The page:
Marvel's Avengers microtransactions explained: Here's what you can buy and how

(Image credit: Square Enix)

Marvel's Avengers microtransactions will give you several ways to pick up new cosmetic items, though you'll be able to earn plenty just by playing through the base game.

In a news post on the game's official site (opens in new tab), Square Enix breaks down how Marvel's Avengers (opens in new tab) approaches gear and cosmetics. When it comes to picking up new gear, you'll be well acquainted if you're familiar with Destiny: you can equip the stuff you find while doing missions, or you can break it down for more resources to spend at vendors that you meet throughout the course of the story.

The cosmetic items come in four types: outfits, emotes, takedowns, and nameplates. Cosmetic vendors will carry weekly and daily rotating selections of goods, and you can pick them up in exchange for the standard Units currency you earn while playing.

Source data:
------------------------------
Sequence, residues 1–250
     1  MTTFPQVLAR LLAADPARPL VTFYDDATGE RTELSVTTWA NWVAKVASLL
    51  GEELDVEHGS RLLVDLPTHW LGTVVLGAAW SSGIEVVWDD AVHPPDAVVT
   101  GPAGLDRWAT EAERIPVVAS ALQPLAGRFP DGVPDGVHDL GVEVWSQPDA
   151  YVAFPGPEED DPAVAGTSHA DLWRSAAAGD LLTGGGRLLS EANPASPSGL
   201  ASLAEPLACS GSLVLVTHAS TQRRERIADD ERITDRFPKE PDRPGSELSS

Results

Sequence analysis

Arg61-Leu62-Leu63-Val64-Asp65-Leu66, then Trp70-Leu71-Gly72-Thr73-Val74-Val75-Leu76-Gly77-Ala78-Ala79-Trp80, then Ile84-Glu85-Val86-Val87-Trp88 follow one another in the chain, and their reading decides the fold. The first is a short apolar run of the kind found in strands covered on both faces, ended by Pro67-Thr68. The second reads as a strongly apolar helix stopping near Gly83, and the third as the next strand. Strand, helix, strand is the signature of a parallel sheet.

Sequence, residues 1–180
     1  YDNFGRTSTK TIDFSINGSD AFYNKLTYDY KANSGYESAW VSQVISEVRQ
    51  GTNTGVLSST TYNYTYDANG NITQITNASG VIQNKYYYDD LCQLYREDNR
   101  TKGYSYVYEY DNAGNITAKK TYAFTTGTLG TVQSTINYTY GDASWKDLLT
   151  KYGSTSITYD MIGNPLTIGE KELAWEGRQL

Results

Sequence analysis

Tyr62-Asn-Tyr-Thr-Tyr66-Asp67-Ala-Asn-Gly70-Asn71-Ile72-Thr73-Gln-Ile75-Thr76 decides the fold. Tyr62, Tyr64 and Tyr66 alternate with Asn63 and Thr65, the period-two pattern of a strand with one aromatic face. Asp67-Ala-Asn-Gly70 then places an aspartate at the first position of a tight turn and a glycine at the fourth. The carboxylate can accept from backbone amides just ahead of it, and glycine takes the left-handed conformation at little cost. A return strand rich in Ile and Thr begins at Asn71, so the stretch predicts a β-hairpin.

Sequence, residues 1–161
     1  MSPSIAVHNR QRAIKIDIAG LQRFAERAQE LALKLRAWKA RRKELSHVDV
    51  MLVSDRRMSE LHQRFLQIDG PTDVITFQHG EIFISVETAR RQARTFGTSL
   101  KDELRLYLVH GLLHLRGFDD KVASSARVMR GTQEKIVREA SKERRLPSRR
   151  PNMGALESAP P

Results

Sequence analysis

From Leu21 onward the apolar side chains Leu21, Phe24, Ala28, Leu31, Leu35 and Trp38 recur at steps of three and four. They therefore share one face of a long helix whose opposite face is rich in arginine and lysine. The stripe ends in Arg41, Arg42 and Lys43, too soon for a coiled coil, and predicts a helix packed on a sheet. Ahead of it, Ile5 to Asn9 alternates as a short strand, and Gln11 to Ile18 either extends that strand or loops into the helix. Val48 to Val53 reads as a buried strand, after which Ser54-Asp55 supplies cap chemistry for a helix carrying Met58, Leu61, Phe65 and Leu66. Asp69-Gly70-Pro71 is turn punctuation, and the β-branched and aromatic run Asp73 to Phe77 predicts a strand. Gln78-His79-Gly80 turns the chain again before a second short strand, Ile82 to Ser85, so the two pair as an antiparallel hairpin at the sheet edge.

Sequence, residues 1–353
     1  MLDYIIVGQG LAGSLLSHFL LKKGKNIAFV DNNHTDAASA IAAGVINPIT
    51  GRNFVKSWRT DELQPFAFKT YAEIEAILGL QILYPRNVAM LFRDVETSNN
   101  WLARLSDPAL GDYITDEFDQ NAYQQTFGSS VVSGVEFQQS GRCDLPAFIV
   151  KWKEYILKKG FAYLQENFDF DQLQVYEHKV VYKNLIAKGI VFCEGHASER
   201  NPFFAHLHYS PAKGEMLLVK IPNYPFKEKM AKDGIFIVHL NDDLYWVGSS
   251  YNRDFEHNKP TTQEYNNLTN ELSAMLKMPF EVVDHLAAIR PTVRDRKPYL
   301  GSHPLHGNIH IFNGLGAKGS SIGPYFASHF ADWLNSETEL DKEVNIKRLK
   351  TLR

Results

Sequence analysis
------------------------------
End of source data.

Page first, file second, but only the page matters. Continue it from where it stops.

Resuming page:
The Marketplace is where you go to spend real money. It's accessed from the main menu of the game, and everything there is sold for Credits (which come in a minimum pack of 500 for $5). The Marketplace will carry a weekly rotation of cosmetic items that you can pick up a la carte.

Then there are Hero Challenge Cards, which you can think of like battle passes for each individual hero. Each card has 40 tiers of free and premium rewards, and you can earn Challenge Points toward unlocking them by completing daily and weekly challenges.

The six heroes available at launch will have their premium Hero Challenge Card tracks unlocked for free. You'll need to spend 1,000 Credits to unlock the premium tiers for post-release heroes such as Hawkeye (opens in new tab), and you can earn all 1,000 Credits back as rewards from the card. Then you can put that toward your next premium unlock, and so on.

Square Enix has also confirmed that Marvel's Avengers will have exclusive cosmetics on PS4 (opens in new tab), and free skins for PS Plus members. 

I got a BA in journalism from Central Michigan University - though the best education I received there was from CM Life, its student-run newspaper. Long before that, I started pursuing my degree in video games by bugging my older brother to let me play Zelda on the Super Nintendo. I've previously been a news intern for GameSpot, a news writer for CVG, and now I'm a staff writer here at GamesRadar.